Voluntourism – volunteering while on holiday – is becoming an option for more and more travellers. On the surface, it’s an excuse to get away and, at the same time, help those in need. But while the volunteer’s heart might be in the right place, the experience isn’t always what they expect. Critics of voluntourism point to exploitation of the needy, creating dependency and the sustainability and effectiveness of some programs.
With so many private companies and organizations offering volunteer travel options, research and having realistic expectations are the keys to having a worthwhile experience.
Hit The Ground Running
Claudine Lavoie found her inspiration in the pages of Birute Galdikas’ memoir Reflections of Eden which detailed the author’s work with orangutans.
“There are so few orangutans left in the world and there is not much hope for their survival with poaching, loss of habitat and a corrupt government,” Lavoie explains. “I needed to go and help, and rather than go on another self-indulgent backpacking holiday to Bali, I thought I would incorporate some meaningful work into it and work in Borneo as a volunteer.”
She contacted a company that assisted her in making travel and work arrangements. Travel delays meant she arrived late and missed much of the orientation process. She had to hit the ground running.
The work was focused on rehabilitating orangutans of all ages and feeding orphaned babies. Volunteers also spent time in observation towers tracking adult males.
Despite the hands on-work, Lavoie found the experience was more of an eye-opener than a difference-maker.
“It wasn’t quite long enough to feel like I did much to make a difference,” she says. “If I were to do it again I would commit to a longer term. I left feeling angry with the corruption and helpless – like trying to save a species under such conditions with greed and lack of foresight is a lost cause.”
But she felt inspired by the people who commit their lives to helping the orangutans. She says she was well treated and would recommend the experience to others, if only as an educational experience.
Angela Wade also felt the need to do something different. A newspaper ad by an organization offering volunteer holidays piqued her interest.
“They had a few destinations and volunteer options,” she says. “I’d always wanted to go to the Galapagos Islands – so thought I’d kill two birds with one stone and do something I thought would be ‘worthwhile’ while there as well.”
“On paper, it seemed pretty good,” she says. Wade and her group had a general idea of what they’d be doing: clearing land of raspberry bushes so tortoises could roam freely.
“It sounded like hard but rewarding work.”
But the reality was different. Wade says that things were disorganized. Tools were limited and many were broken. If they’d known that before departure, she says, they could have brought along tools to donate.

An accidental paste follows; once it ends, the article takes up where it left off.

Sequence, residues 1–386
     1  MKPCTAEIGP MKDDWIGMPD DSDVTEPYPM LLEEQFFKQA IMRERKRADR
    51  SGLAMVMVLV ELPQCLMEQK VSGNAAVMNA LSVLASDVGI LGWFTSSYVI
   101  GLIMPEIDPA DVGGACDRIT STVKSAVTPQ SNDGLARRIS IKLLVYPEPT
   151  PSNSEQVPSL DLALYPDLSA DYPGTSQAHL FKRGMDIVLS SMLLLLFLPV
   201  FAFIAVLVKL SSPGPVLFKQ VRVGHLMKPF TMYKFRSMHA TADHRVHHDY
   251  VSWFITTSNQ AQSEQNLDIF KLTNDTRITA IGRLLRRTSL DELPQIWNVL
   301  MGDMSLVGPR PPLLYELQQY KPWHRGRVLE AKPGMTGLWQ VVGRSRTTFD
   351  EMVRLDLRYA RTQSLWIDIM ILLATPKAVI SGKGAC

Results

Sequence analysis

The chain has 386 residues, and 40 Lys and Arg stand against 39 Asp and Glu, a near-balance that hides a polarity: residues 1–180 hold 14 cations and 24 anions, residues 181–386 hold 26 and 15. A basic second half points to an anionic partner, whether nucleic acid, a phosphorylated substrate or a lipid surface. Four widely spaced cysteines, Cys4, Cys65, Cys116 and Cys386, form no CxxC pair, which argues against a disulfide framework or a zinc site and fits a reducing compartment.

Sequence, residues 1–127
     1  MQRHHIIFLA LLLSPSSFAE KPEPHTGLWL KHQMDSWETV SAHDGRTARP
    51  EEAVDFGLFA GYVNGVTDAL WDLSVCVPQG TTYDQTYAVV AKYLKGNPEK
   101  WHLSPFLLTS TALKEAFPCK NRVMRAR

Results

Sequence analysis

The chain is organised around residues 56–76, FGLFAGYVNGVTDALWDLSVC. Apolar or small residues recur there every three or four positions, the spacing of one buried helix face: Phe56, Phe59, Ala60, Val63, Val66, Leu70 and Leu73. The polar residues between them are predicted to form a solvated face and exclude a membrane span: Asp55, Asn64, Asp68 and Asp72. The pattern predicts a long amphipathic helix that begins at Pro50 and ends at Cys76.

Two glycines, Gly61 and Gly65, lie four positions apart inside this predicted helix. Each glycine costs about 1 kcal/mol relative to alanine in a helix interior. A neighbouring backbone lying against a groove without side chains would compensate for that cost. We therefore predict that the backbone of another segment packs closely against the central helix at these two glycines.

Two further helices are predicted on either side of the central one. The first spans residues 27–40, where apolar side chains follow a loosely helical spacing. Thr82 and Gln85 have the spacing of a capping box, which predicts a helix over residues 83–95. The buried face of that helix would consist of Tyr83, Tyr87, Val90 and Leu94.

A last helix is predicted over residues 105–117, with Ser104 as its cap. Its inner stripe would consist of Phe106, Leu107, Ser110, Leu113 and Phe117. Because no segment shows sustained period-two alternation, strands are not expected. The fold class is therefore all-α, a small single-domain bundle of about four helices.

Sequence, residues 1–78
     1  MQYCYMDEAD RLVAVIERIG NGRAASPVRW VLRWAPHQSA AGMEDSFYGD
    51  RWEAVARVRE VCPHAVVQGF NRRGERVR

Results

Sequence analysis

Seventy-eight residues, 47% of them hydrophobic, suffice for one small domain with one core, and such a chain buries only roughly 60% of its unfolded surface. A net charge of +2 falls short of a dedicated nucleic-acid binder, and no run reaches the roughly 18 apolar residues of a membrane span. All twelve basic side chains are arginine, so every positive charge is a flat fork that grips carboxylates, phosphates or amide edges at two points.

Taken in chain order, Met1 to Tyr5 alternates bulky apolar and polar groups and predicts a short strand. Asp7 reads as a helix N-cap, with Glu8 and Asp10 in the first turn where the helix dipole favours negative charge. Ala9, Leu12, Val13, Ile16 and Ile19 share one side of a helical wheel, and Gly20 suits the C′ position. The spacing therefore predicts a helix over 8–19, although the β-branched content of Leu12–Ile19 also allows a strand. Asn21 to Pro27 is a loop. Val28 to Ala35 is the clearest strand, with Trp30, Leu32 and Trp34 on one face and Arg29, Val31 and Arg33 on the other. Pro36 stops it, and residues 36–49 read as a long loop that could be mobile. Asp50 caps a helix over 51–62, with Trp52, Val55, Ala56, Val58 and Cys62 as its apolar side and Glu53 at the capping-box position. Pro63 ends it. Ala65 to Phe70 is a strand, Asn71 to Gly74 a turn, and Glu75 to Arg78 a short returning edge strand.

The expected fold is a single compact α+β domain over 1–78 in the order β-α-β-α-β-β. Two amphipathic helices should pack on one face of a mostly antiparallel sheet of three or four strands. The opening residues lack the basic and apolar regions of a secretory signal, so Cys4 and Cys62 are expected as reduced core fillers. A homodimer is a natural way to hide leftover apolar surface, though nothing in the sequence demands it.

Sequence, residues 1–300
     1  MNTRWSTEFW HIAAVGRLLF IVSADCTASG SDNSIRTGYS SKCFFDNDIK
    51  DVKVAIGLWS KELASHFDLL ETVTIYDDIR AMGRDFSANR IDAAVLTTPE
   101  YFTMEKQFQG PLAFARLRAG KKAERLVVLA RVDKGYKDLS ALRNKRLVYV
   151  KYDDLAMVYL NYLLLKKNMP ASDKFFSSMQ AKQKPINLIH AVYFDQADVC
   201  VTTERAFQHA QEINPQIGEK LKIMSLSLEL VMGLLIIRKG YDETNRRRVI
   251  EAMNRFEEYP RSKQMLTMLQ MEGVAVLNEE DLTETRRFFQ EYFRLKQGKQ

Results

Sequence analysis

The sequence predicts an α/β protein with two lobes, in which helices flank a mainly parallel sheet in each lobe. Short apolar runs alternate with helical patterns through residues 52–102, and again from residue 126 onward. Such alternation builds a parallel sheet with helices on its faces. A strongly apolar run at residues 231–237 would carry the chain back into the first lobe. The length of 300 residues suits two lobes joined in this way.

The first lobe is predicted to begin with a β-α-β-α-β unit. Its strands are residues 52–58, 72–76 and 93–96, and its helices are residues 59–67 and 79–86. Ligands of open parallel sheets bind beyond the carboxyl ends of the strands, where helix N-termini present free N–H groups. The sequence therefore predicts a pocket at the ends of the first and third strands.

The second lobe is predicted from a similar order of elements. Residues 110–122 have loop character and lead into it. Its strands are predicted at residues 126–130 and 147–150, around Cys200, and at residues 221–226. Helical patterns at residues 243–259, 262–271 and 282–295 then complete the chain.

“It also felt like we saw nothing through to completion. We left things started, wondering if there would be any follow-through after we’d left, and that left us all very disappointed and feeling less than enthusiastic, which was a shame seeing as we had expected the exact opposite – we were doing this so we could feel like we’d done something worthwhile, not pointless.”
If she were to do a volunteer holiday in the future, Wade says she’d do more research to make sure there was an obvious end result. “Something where you can stand back and look and think, ‘That definitely benefits the animals or people in need.’”
In my own case, while not strictly volunteer work (I was paid a small salary), I worked in Ghana, West Africa for eight months as a journalism trainer with the Canadian media rights organization Journalists for Human Rights (JHR).
Prior to going to West Africa, I had travelled widely through Central America. I saw how completely different life is for most people on this planet. When I returned home to the steel and glass towers of Vancouver, I found I had a burning desire to do more than just visit the developing world. I wanted to do something positive.
One day, a former colleague who had worked with JHR, told me about her experience as a journalism trainer. The lightbulb went off. That’s what I could do: take my skills in the media and work with local Ghanaian journalists. Not to do their work, but to help them craft their stories and be a sounding board. The central idea of JHR is to encourage local reporters to cover more human rights issues, thus the local population learns more about their constitutional rights.
It was an amazing, eye-opening experience. Some of it was easy. Some of it was frustrating. But I found it to be the most rewarding experience of my life.
Lavoie thinks people should volunteer in general during their travels, whatever their passion.
“For one week or a year or more. It’s an amazing world and help is needed everywhere. I come from a country of plenty and I think it’s important to have my eyes opened and get out of my comfort zone.”
If you’re thinking about a volunteer holiday, seek out people who have gone before you and discuss their experience. Learn more about the organization you’ll be working with and the kind of work you’ll be doing. A little research goes a long way to ensuring a positive experience.
Canadian International Development Agency (CIDA): www.acdi-cida.gc.ca
Journalists for Human Rights (JHR): www.jhr.ca